It is the exclusive function of the administrative agencies to appraise the conflicting testimony or other evidence, to judge the credibility of the witnesses and evidence adduced by the parties and determine the weight of the evidence. United States v. Carolina Freight Carriers Corp. [supra], 315 U.S. 475, 484, 490, 86 L. Ed. 971, 62 S. Ct. 722. Plaintiff contends that since it presented witnesses and that no witnesses appeared in opposition, it had proved its case. However, the weight and credibility of the evidence is for the Commission. The Commission "may disbelieve or disregard any evidence as it deems unconvincing; it may give as much or as little weight to evidence as seems proper." Transamerican Freight Lines v. United States, 51 F. Supp. 405, 410 (D. Del., 1943). The Commission concluded, based upon the entire record of the grandfather proceedings, including the reopened portion, that it appears that Dillner did not prior to June 1, 1935, and continuously thereafter transport packaged articles of iron and steel and palletized firebrick.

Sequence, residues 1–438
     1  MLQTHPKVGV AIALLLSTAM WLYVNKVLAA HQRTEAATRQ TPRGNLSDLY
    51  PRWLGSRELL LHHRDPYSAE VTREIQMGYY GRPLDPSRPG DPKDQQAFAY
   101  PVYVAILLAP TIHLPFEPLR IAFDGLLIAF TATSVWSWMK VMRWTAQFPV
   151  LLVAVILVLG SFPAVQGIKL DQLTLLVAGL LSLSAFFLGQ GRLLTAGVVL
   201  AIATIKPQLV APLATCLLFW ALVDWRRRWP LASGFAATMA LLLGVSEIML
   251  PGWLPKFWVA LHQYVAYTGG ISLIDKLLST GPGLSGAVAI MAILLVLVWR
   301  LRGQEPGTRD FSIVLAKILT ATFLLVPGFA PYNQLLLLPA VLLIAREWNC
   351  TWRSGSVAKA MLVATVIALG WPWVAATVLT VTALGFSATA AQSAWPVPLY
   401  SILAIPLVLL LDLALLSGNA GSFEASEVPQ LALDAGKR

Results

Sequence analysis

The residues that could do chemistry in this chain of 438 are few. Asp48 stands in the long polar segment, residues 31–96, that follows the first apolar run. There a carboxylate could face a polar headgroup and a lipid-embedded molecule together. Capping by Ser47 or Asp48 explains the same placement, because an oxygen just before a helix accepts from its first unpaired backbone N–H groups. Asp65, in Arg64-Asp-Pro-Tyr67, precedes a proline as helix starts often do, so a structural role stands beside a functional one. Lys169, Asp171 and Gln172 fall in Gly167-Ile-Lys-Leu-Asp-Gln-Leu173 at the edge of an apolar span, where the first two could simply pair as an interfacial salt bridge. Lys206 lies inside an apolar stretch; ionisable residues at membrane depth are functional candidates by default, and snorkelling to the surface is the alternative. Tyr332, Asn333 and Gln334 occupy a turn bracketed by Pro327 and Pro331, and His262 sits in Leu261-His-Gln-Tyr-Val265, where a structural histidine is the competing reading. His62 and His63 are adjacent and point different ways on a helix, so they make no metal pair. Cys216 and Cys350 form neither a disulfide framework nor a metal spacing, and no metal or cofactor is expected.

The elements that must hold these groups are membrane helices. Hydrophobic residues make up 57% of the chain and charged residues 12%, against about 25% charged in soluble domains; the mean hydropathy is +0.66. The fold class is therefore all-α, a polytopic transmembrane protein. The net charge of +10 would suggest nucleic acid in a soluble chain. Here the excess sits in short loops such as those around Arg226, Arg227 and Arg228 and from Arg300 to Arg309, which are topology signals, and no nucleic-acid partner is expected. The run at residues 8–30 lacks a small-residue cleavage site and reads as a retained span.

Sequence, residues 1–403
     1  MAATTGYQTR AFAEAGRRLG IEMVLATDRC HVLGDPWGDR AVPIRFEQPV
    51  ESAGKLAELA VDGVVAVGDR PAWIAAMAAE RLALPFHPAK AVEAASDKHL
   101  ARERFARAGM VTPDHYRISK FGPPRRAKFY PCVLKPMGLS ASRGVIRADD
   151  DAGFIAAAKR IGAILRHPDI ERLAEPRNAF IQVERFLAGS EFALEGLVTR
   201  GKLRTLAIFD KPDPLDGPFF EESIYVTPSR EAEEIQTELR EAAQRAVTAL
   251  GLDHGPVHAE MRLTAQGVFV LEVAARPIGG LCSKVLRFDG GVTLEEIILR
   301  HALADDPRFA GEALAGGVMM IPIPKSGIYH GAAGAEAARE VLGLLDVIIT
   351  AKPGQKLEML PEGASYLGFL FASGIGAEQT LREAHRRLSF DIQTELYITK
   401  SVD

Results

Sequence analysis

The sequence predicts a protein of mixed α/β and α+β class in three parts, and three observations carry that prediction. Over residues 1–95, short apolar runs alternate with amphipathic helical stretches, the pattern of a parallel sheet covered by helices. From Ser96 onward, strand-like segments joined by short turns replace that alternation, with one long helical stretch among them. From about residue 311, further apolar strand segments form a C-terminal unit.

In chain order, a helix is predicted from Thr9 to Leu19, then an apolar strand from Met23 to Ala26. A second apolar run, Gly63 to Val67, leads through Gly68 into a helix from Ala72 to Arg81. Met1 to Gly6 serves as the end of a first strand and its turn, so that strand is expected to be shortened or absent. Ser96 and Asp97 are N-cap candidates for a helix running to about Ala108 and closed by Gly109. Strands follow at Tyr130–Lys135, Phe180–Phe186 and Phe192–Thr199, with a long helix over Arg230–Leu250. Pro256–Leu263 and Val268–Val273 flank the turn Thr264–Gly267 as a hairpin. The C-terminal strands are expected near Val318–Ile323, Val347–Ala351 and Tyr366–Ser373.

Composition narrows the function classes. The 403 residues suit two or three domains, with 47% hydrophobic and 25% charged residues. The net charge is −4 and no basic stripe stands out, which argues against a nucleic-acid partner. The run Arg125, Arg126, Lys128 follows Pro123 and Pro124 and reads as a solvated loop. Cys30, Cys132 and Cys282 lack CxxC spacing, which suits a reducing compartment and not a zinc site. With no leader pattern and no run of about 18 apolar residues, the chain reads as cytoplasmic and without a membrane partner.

Plaintiff argues that the Commission's order is not based on substantial evidence, because all of the evidence produced at the hearing on the petition to review was produced by it. But the examiner's report and the Commission's finding were based on the whole record, both the present and the prior grandfather proceedings. Plaintiff desires this Court to weigh the entire evidence. Plaintiff, at the time of the hearing, did not produce the full evidentiary record before the Court, claiming then that it was only required to produce the relevant portions of the record. He now moves for leave to produce the entire evidentiary record, which the government opposes. This Court may not review the findings of fact of the administrative body to determine whether it is supported by substantial evidence unless the whole evidentiary record is produced before it. Mississippi Valley Barge Line Co. v. United States, 292 U.S. 282, 286, 78 L. Ed. 1260, 54 S. Ct. 692 (1934).